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When Bosses Get Good Scores

Posted Aug 12 2008 6:15am

"The persistent, spirited craving we have for connection, meaning, relevance, peace -- can't really be abandoned because from 8-to-5 we have a job, can it? More and more and more we see people bringing their humanity to work, and finding ways to specify what's really important. Less is more. Seems to me the only time more is more is when it's more of less." (my italics)

--Lisa Gates comment on Goals, Clarity, and Less

Headlines often highlight the negative, or questionable, in order to grab our attention. It works.

We're so used to it that when I see one that puts a smile on my face, it actually has more impact.

Here are statistics that say things aren't quite as dismal as most headline writers would like us to think:

More than half--58%--of U.S. workers have confidence in their company's leadership. A full 66% say that they would recommend their firm to their friends who are seeking a job.

Those figures come from a survey conducted by NetReflector, a company that offersSurvey tools for gathering customer and employee feedback. The survey included 9,351 people in 10 different countries. I'm not sure of the exact amount from the U.S. survey population.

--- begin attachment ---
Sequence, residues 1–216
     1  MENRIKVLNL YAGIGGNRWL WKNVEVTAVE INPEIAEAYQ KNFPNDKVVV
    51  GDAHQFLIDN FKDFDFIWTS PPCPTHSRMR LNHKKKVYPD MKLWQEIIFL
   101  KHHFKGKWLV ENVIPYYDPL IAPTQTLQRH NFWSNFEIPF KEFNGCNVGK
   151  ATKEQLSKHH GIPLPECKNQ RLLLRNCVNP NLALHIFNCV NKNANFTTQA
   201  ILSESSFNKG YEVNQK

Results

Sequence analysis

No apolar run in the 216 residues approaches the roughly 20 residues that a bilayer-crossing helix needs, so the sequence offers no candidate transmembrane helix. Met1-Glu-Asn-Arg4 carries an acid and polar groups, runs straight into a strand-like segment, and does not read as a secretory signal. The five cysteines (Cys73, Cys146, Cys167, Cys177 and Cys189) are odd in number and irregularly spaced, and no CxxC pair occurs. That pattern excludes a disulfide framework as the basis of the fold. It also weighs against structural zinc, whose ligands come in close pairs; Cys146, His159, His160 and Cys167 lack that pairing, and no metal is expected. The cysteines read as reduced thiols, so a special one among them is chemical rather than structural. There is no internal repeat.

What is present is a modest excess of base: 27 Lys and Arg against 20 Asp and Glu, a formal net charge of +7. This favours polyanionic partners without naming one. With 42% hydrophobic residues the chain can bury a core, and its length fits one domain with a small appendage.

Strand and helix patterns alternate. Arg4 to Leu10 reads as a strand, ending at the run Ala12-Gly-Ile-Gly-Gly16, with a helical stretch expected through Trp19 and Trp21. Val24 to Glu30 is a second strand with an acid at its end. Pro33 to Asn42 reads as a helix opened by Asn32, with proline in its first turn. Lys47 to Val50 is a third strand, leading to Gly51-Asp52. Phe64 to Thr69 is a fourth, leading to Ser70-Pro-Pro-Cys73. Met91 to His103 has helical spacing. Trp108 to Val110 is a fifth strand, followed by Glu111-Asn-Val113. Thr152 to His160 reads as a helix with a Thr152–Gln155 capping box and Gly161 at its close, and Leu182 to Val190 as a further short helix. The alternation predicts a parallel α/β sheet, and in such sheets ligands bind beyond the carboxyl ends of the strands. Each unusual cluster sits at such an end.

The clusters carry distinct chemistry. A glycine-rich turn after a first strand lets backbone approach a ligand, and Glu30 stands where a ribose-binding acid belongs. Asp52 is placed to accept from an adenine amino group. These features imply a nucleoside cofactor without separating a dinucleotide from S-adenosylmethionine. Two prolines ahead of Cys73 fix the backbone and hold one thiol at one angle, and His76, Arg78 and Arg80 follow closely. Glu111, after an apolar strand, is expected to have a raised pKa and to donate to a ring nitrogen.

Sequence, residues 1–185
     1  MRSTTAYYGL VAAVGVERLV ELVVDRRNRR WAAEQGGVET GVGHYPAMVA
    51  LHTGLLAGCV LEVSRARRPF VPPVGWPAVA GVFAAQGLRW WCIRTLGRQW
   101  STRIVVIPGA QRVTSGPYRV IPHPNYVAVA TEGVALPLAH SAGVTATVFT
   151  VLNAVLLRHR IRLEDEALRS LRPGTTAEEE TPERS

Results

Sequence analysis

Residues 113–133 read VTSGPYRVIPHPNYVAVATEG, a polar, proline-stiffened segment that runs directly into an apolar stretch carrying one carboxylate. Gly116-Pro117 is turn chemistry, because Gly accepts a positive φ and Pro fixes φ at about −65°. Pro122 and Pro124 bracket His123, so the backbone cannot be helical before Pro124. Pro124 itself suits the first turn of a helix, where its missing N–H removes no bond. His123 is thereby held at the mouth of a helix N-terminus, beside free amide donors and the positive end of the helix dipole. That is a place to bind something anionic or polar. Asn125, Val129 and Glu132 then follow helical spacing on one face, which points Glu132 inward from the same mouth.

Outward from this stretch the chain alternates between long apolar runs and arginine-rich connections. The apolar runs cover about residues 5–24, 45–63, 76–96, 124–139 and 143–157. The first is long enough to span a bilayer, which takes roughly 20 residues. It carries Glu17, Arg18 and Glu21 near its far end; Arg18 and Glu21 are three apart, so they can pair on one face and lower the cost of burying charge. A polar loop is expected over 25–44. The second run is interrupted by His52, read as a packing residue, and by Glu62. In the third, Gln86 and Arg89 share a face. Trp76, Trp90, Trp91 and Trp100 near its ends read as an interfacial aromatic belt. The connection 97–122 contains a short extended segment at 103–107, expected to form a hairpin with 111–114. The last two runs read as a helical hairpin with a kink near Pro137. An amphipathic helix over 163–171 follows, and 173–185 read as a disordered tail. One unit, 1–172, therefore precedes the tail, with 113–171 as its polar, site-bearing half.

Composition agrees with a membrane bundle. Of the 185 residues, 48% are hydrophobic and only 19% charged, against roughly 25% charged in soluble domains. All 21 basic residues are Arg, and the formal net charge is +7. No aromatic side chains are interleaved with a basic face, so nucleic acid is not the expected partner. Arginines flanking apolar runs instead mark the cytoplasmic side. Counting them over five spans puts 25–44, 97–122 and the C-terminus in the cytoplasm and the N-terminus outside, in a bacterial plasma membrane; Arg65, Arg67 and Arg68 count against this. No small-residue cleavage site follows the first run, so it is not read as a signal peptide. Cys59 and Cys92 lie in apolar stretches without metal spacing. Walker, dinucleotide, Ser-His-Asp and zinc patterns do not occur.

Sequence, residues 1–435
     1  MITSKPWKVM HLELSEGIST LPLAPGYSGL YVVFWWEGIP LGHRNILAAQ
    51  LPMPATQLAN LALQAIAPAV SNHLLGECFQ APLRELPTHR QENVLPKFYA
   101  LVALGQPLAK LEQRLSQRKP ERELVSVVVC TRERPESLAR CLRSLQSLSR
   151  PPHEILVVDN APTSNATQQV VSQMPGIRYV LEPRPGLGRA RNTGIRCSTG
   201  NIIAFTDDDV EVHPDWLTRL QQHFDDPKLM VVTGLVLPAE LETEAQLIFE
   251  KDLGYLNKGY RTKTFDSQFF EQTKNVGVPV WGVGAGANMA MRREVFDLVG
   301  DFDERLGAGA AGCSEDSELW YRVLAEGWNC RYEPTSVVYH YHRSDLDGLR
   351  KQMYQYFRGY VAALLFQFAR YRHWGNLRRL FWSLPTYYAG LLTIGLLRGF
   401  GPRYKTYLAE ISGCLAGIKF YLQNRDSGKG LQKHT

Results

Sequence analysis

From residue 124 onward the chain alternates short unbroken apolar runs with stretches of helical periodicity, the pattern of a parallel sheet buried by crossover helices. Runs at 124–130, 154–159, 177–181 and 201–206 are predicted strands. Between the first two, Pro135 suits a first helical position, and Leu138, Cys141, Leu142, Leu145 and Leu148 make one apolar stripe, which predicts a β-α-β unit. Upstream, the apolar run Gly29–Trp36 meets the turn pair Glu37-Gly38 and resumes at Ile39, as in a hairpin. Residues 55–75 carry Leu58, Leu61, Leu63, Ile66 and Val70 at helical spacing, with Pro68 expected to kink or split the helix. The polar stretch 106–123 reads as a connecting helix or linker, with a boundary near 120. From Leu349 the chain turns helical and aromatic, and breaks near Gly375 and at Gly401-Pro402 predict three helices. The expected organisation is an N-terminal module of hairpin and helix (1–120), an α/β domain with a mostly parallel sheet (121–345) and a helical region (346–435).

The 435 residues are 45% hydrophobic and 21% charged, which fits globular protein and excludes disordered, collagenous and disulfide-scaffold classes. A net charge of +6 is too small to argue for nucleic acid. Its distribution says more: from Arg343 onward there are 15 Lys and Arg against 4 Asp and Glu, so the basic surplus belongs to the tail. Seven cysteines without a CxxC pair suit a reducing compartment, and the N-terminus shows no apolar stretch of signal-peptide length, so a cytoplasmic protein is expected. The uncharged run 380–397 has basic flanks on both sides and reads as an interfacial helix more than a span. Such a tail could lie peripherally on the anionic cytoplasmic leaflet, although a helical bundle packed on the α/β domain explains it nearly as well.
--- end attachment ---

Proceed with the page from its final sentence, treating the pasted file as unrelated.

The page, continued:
What does this mean?

We're always seeing headlines or journal articles about difficulty in recruiting and retaining talent. If these stats are true, then companies would seem to have a lot going for them. Additionally, the NetReflector folks point out that high employee satisfaction usually equates with high customer satisfaction. Not bad.

Is there a hidden challenge in there?

I think so. I did a post about what job seekers want. The top 3 items were interesting, challenging work; rewards and recognition for accomplishments; and a chance for quick career growth and advancement.

The NetReflector survey asked "what could bosses do better?" The highest percentage of responses stated "use my skills and abilities better." And just under half (49%) felt that what they did actually contributed to the company's mission.

If we can assume that this is an accurate representation, then supervisors and managers can probably boost their effectiveness even more by focusing on two things:

1. Creating assignments that offer some stretch goals and professional growth.

2. Intentionally talking about how the work unit's efforts tie into the company's overall mission.

I'm thinking that if managers can focus on just a couple of meaningful things at a time--instead of being faced with multiple programmatic fads--they can make a difference.

What do you think?



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